MPH student fights for environmental justice in California’s most polluted counties


Genevieve Amsalem

Master’s Student, Online Population and Health Sciences Degree Program; Research & Policy Director, Central California Environmental Justice Network

Genevieve Amsalem works to combat environmental health and justice issues in one of the most heavily polluted areas of California. Amsalem, who is working toward a Master of Public Health in Environmental Health Sciences, shared what kind of public health issues the residents of Kern County face and how environmental justice organizations such as the Central California Environmental Justice Network (CCEJN), where she is employed, are working to combat those issues. 

What got you interested in environmental justice in this specific area of the country? 

I lived in Fresno for about seven years, and Fresno has consistently been listed as “the most polluted city in the nation for fine particulate matter.” Initially, when I moved there, I wanted to get involved in climate policy. However, experiences like waking up in that air pollution, going to bed in that air pollution, not being able to bike to work some days, and having a persistent sore throat or cough made me angry. I felt like I was being forced to smoke a pack of cigarettes a day. I actually quit my job and dove headfirst into air quality and public health.

I felt like I was being forced to smoke a pack of cigarettes a day.

Since then, I've spent the majority of my professional life working on air quality policy and public health policy and trying to reduce air pollution and also mitigate its impacts on public health in this same region.

What are some of the environmental health issues you’re working on?

I work with an environmental justice organization called Central California Environmental Justice Network (CCEJN) based in the San Joaquin Valley. This region of California is one of the most polluted air basins in the nation. The regional air pollution is impacted by local oil and gas production, confined animal feedlots, and agricultural processes that create a lot of air, water and climate pollution—not to mention the pollution from nearby major highways and distribution centers. We essentially have all the major industries that are also all of the major polluters, and it's created a difficult political environment to try to attack that public health issue.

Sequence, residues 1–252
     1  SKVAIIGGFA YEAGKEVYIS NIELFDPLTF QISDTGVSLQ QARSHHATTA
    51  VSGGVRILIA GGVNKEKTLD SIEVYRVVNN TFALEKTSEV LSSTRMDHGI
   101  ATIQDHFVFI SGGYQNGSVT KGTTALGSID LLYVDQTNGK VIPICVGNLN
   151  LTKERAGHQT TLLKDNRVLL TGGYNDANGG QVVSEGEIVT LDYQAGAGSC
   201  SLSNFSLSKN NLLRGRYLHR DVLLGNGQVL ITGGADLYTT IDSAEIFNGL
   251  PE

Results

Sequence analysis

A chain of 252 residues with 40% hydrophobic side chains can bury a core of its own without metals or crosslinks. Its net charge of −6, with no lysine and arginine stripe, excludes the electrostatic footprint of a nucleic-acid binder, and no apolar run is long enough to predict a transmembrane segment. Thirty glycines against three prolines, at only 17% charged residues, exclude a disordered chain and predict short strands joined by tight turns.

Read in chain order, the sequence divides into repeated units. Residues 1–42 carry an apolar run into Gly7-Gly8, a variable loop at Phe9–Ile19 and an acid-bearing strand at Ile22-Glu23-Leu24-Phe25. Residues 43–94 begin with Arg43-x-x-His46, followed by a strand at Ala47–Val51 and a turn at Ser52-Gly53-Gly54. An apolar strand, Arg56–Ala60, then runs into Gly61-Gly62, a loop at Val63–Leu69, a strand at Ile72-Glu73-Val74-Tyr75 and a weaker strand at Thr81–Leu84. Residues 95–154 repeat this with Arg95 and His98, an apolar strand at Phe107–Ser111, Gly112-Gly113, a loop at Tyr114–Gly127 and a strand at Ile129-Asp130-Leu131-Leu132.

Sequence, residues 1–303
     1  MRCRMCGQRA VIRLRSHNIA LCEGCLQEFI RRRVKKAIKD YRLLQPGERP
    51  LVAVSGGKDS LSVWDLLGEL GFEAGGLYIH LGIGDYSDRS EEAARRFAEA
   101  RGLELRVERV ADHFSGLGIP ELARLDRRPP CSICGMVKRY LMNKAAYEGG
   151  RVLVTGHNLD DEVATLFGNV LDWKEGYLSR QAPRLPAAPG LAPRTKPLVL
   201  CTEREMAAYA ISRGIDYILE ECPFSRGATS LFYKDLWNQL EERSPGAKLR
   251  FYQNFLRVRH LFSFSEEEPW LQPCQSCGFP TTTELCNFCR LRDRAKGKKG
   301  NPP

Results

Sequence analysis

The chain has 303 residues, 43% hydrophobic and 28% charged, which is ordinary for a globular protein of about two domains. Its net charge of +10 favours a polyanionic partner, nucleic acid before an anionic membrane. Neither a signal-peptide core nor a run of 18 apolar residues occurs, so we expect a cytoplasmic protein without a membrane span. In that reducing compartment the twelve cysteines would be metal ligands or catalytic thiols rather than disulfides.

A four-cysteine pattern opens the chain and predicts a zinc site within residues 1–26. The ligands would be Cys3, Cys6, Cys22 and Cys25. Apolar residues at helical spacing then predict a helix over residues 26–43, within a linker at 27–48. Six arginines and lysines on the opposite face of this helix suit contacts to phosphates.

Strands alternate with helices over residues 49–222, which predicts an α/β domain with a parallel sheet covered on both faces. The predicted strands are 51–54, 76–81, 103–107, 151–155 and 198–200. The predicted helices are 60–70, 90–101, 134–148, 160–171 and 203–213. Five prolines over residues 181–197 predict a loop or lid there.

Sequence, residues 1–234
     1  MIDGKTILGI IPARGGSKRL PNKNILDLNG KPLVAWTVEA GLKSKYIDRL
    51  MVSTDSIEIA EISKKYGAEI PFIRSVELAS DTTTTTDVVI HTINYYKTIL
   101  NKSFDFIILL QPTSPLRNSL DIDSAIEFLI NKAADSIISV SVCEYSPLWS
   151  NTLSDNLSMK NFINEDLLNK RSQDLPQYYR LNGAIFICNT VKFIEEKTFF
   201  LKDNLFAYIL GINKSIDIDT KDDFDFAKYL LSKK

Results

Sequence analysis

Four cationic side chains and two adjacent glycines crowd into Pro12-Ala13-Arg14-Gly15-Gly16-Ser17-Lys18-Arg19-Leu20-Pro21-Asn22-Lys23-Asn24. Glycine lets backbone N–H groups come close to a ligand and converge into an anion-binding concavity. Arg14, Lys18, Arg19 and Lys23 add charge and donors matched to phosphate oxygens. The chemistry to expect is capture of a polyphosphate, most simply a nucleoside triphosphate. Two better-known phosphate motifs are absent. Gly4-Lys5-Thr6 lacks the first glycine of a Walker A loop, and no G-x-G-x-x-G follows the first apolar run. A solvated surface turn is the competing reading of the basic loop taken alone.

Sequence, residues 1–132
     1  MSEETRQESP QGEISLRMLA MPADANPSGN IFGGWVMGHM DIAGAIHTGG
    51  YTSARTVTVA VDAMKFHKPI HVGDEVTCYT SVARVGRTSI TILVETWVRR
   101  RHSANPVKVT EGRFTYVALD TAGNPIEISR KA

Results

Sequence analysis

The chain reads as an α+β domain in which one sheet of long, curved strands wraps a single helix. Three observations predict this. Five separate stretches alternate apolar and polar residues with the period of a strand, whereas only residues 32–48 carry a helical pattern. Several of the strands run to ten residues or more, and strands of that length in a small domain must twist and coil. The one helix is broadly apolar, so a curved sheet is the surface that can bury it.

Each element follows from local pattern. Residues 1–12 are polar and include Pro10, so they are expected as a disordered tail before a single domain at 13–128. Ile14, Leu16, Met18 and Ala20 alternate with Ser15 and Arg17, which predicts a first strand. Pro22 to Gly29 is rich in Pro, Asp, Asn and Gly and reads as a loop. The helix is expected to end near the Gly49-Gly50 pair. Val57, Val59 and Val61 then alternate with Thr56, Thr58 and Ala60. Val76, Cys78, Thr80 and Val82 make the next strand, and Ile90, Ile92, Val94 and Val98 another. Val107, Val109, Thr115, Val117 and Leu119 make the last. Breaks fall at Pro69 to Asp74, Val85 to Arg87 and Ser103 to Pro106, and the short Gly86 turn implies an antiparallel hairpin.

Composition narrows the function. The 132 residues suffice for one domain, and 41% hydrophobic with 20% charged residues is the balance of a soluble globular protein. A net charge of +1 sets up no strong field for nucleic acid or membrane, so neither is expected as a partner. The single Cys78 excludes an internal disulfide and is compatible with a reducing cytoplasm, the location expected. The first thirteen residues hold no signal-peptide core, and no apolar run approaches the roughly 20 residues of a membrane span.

Kern County bears the brunt of the chronic regional air pollution. This area is at the bottom of a valley, surrounded by mountains on three sides, and the pollution that drifts down from the north essentially gets trapped there. It results in an environment where there's a lack of clean air, a lack of access to clean drinking water, and a lot of exposure to different toxic contaminants such as leaking oil wells. 

People are living, working, playing and trying to exercise in very close proximity to these potential hazards.

The bulk of the state's oil production is in Kern County; we've got active, abandoned and idled oil wells not just out in oil fields but also in neighborhoods, subdivisions, parking lots of grocery stores and hospitals and elementary schools. They are underneath homes, and some are even hidden underneath people's backyards. One of the ways we identify active well leaks is by hearing from residents that they’re experiencing specific health issues. Once we notice they’re also near a well, we can then send someone out to confirm that there’s a leaking well—that’s unfortunately how we often find these leaks, starting with negative health outcomes. The reality of the situation is that people are living, working, playing and trying to exercise in very close proximity to these potential hazards.